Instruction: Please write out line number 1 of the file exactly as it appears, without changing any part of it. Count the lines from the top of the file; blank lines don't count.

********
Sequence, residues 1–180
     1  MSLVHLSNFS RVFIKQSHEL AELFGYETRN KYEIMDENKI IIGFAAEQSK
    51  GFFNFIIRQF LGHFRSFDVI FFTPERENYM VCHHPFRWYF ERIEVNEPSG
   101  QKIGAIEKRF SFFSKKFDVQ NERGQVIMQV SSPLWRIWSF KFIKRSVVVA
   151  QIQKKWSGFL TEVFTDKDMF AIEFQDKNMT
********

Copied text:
Sequence, residues 1–180